In April 1299 a mandate was issued to the official of York and Sir Roger de Mar to relax the sequestration in the fruits of Rodington church, imposed for non-residence of the rector, Ralph de Barry. In November of that year de Barry was granted a licence to study for one year. On 12 June the same year a dispute arose between Barry, and Robert le Breton and Richard of Barneby, executors of Lord Thomas Coke’s will. Robert and Richard were sentenced to be excommunicated by an official of the Archbishop’s court of York, in relation to ‘losses relating to ornaments of Ruddington church and its houses’. They agreed to pay de Barry 13.5 marks without further delay.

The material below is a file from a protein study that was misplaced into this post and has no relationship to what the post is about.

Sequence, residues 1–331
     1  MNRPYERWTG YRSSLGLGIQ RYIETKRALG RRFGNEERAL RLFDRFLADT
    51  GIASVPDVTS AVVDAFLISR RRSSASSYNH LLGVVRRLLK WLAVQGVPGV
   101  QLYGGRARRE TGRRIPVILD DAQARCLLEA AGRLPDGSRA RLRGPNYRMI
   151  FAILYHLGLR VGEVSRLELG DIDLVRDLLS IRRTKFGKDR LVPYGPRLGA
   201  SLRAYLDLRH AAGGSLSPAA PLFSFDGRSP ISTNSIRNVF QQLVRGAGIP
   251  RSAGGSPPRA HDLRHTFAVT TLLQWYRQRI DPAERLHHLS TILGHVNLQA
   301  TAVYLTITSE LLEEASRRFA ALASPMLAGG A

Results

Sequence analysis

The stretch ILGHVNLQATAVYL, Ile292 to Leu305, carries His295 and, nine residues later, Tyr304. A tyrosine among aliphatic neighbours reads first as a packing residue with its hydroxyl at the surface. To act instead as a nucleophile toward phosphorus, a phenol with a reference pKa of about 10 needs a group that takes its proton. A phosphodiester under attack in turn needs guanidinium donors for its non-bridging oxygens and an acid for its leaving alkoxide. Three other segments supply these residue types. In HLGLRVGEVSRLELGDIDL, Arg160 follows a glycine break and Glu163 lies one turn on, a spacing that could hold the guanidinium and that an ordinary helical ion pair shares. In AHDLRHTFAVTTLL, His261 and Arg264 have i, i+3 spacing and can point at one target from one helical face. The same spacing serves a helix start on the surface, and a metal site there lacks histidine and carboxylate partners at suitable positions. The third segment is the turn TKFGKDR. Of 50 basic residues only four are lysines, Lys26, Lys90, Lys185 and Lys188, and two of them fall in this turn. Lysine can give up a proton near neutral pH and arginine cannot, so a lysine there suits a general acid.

Between 1302-3 Flawford’s patron, Sir Richard de Bingham, asked several times for the Pope to validate and unite the offices of rector and vicar of Ruddington church. Archbishop Corbridge replied that a decision had been deferred due to Bingham’s absence. In mitigation, Bingham pleaded his absence was due to carrying out the king’s business, as judge and money-raiser for military fiefs. He was then informed that his request could not be agreed to, since the Pope had neither heard nor seen a valuation of the post, the present incumbent had no wish to resign the living without adequate provision, and there were further reasons, which could not be discussed. In March 1303 Bingham replied that he was astonished at this response, because not only could the register revaluation of the vicar’s office be consulted, but the vicar’s wish for compensation could be met through agreement and acknowledgement of the validation of the union. He put in a further request, but again this was not granted.